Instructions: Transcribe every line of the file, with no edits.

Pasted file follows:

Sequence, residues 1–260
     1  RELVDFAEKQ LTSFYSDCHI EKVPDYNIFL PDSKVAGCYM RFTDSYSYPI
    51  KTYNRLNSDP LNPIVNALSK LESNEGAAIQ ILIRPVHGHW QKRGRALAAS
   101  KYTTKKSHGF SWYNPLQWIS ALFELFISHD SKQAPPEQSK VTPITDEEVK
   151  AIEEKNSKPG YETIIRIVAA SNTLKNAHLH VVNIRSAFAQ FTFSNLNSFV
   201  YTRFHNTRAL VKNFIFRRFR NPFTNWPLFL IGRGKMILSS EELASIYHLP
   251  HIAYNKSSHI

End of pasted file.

Sequence, residues 1–260
     1  RELVDFAEKQ LTSFYSDCHI EKVPDYNIFL PDSKVAGCYM RFTDSYSYPI
    51  KTYNRLNSDP LNPIVNALSK LESNEGAAIQ ILIRPVHGHW QKRGRALAAS
   101  KYTTKKSHGF SWYNPLQWIS ALFELFISHD SKQAPPEQSK VTPITDEEVK
   151  AIEEKNSKPG YETIIRIVAA SNTLKNAHLH VVNIRSAFAQ FTFSNLNSFV
   201  YTRFHNTRAL VKNFIFRRFR NPFTNWPLFL IGRGKMILSS EELASIYHLP
   251  HIAYNKSSHI